Attitudes and behaviors are more vital to perform at a higher level consistently than just skills and experience, which most candidates more or less gain over time anyway. Candidates with unsuited behaviors are likely to cost organizations millions of dollars. Yet, many organizations overlook this important aspect of selection.

Asking the right questions is the key

Hiring the candidate with the right behavior involves assessing them with relation to a set of behavioral patterns and predicting their response to it in real life situations. This will help the organization gauge the suitability of candidates from the behavioral perspective.

This involves framing and asking the right behavior-based questions and evaluating the responses. Of course, doing this accurately is important, because if the behavioral test is not framed rightly or is not implemented properly; it can misfire and can lead to a less than thorough or incomplete assessment, making the whole exercise futile.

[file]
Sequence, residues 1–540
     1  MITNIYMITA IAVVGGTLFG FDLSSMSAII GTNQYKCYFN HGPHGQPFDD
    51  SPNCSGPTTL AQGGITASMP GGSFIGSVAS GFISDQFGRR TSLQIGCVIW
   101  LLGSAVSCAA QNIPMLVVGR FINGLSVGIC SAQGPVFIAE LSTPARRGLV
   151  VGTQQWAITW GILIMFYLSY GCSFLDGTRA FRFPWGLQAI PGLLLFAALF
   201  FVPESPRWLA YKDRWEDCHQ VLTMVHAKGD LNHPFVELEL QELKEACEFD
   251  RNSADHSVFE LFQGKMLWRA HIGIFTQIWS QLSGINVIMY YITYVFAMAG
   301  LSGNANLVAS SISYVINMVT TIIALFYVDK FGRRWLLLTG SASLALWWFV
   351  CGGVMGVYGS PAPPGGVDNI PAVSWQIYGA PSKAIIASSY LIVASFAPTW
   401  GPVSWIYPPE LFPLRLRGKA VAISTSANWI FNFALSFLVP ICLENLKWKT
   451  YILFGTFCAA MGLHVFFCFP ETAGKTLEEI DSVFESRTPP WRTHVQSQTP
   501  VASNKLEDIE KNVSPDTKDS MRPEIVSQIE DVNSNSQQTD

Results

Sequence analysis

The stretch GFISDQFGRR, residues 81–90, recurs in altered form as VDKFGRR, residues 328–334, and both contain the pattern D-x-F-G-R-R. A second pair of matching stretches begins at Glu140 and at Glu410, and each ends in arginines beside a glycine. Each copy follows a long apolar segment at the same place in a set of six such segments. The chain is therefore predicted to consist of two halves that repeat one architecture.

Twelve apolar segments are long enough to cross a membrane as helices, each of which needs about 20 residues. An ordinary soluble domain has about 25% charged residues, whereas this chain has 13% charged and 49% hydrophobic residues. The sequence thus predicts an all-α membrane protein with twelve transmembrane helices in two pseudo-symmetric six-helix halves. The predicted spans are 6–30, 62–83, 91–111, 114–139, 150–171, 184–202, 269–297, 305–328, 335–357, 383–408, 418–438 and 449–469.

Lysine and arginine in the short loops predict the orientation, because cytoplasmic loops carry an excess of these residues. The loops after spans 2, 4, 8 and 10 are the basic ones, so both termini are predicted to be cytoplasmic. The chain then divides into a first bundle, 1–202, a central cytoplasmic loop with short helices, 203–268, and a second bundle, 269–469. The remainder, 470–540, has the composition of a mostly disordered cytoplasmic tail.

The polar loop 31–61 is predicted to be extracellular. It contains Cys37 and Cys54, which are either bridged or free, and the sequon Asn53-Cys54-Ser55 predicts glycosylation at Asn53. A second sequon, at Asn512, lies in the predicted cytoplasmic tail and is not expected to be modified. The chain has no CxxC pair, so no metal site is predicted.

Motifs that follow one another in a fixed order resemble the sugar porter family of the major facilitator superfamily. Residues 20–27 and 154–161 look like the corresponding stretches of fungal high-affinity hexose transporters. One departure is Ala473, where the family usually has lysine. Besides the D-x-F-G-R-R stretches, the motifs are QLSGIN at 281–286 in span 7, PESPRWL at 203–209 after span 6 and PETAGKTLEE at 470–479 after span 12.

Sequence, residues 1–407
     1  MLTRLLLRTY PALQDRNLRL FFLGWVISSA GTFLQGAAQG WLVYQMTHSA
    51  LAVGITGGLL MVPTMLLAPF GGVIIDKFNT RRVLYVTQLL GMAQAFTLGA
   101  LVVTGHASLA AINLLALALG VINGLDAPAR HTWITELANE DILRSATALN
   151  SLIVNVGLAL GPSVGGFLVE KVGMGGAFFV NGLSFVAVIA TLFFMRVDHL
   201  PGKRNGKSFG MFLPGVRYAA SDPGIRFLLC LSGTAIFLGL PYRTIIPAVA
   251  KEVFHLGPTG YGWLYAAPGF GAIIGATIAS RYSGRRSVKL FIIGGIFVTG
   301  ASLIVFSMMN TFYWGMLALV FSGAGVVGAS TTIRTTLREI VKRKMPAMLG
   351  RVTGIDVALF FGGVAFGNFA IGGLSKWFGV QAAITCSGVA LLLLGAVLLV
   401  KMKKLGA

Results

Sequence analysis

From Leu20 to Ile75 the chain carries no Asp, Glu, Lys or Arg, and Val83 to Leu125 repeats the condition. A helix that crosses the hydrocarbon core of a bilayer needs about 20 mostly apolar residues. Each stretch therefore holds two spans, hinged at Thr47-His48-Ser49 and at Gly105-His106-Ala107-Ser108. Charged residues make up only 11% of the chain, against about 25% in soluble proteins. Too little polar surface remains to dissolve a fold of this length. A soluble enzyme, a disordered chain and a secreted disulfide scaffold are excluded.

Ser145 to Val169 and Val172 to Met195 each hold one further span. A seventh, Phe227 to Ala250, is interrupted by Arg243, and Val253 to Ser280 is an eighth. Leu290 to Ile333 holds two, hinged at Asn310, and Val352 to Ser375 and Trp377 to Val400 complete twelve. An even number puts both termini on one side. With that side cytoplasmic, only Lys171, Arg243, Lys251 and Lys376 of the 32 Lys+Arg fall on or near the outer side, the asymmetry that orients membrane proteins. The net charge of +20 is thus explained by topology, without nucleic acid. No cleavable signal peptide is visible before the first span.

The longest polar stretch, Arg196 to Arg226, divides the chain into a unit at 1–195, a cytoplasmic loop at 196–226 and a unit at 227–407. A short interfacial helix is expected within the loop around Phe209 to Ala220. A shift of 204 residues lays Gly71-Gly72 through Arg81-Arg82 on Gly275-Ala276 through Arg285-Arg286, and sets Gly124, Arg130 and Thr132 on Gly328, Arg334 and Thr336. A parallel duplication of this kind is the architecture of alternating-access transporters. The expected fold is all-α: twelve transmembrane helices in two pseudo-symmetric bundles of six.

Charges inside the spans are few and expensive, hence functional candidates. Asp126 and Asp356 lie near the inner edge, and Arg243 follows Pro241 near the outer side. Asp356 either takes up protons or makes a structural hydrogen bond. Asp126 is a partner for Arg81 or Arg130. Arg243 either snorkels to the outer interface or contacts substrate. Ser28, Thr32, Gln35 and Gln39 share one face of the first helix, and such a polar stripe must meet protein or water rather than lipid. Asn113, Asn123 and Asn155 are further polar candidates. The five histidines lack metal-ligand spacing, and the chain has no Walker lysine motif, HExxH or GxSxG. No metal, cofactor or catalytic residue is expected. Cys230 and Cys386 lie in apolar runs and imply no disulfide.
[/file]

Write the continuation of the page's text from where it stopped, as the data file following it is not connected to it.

Learn the ways of assessing candidate behavior

How do organizations get this right? How do they frame the right behavior-based questions that lead them to measure the candidate in the right way? This is the learning a webinar from TrainHR, a leading provider of professional trainings for the human resources industry, will be providing.

Grant Schneider, president and founder of Performance Development Strategies, which helps organizations achieve greater results by aligning people in the organization with the organization’s mission and strategy, will be the speaker at this session. This webinar has been approved for 1 HR (General) recertification credit hours toward aPHR, PHR, PHRca, SPHR, GPHR, PHRi and SPHRi recertification through HR Certification Institute (HRCI).